It is a well-established principle in Alabama that a buyer alleging that he was induced by fraud to enter into a contract may rescind by restoring benefits and recover payments, or affirm, retain benefits, and sue in deceit for damages (Southern Building & Loan Ass'n v. Argo, 224 Ala. 611, 141 So. 545; Day v. Broyles, 222 Ala. 508, 133 So. 269) or he, the defrauded party, when sued by the party who perpetrated the fraud, may by appropriate plea set up such fraud as a defense to defeat the action (Southern Building & Loan Ass'n v. Bryant, 225 Ala. 527, 144 So. 367). However, the buyer must elect between his remedies and may not combine them. Glass v. Cook, 257 Ala. 141, 57 So.2d 505; Tollett v. Montgomery Real Estate & Ins. Co., 238 Ala. 617, 193 So. 127. It is also true that a court of equity has concurrent jurisdiction with a court of law to annul or rescind a contract induced by fraud. King v. Livingston Mfg. Co., 192 Ala. 269, 68 So. 897.

In this case appellant, James Lacey, chose to file his bill in equity to rescind the contract alleged to have been induced by fraud. Our decisions require that allegations of fraud in a pleading, to be sufficient, must positively set forth the facts constituting the fraud so that the court can clearly see that fraud has intervened. Terrell v. Marion County, 250 Ala. 235, 34 So.2d 160; Hyman v. Langston, 210 Ala. 509, 98 So. 564.

We have carefully set out the material facts alleged in the bill. We believe those facts alleged fraud with sufficient certainty, with the exception to which we shall hereinafter refer. In substance, it is alleged that complainant and Edmunds Motor Company entered into the sale of a 1956 Ford automobile, that the terms of the sale were agreed on and further payments were to be made by complainant to Edmunds Motor Company at the rate of $83.37 per month for a period of thirty months. It is further alleged, however, that without the knowledge and consent of the complainant, Edmunds Motor Company falsely and fraudulently inserted in the contract the amount of the monthly payments to be $111.21 for a period of thirty months making a total of $3,336.30, instead of $83.37 per month for thirty months making a total of $2,501.10. It is further alleged that this contract was turned over by Edmunds Motor Company to Universal C. I. T. Credit Corporation.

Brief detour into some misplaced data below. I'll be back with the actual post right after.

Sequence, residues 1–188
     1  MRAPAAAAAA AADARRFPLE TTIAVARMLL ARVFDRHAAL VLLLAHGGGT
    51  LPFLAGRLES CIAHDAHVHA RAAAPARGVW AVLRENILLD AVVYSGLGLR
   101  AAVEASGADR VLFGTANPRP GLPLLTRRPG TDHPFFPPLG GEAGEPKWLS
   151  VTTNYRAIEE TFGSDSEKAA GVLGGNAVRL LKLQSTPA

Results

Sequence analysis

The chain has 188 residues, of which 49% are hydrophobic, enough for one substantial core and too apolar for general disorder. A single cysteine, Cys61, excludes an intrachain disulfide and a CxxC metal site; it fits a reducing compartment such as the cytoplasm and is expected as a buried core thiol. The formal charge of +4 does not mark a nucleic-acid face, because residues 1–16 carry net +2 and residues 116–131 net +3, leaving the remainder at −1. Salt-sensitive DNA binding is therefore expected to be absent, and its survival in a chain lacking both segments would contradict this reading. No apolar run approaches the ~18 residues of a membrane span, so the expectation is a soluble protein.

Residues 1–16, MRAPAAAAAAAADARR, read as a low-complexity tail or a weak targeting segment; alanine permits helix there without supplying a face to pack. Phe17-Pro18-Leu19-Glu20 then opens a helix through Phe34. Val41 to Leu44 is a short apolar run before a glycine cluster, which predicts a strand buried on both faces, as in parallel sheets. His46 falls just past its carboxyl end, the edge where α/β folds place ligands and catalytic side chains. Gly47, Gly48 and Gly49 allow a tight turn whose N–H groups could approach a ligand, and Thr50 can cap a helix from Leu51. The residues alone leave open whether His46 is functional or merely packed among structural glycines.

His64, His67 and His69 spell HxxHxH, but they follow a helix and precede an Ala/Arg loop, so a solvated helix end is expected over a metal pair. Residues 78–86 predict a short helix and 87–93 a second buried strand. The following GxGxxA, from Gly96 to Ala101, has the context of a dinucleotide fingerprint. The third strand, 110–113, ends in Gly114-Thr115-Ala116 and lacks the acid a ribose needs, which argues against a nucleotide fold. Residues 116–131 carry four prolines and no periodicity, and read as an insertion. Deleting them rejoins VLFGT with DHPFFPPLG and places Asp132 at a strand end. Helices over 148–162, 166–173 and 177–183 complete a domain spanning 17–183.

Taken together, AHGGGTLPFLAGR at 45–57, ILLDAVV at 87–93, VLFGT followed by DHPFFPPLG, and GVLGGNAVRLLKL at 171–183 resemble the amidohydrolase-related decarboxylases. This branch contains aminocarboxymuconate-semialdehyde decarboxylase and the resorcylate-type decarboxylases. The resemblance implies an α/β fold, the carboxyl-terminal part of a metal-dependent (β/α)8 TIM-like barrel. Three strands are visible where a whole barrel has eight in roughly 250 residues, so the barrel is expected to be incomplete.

Many of the grounds of demurrer take the position that the bill fails to allege sufficiently tender by the complainant of the property received by him under the contract. Both appellees, Edmunds Motor Company and Universal C. I. T. Credit Corporation, insist in brief that in an action to rescind a contract induced by fraud of the seller, the purchaser must return the subject of the sale or offer to return it and if refused by the seller the purchaser must either leave such property on the premises of the seller or if he retains possession, must hold it as a bailee and may not use it for his own purposes. Appellees further insist that a failure to allege such tender in the bill of complaint renders the bill demurrable.

The bill does allege that before the filing of the suit, the complainant made tender of the 1956 Ford automobile and demanded the return of the money which he had paid out and the return of the 1955 Ford automobile which he had traded in. It is true that the complainant did not leave the automobile on the premises of the seller or hold it as a bailee. In this connection, we should keep clearly in mind that the instant case is in a court of equity and not in a court of law. There is a substantial difference between rescission in a court of equity and rescission in a court of law In a court of law the action proceeds on the theory that a rescission had previously been made but in equity the suit seeks a decree of the court rescinding the contract and advising the parties as to what their further acts must be.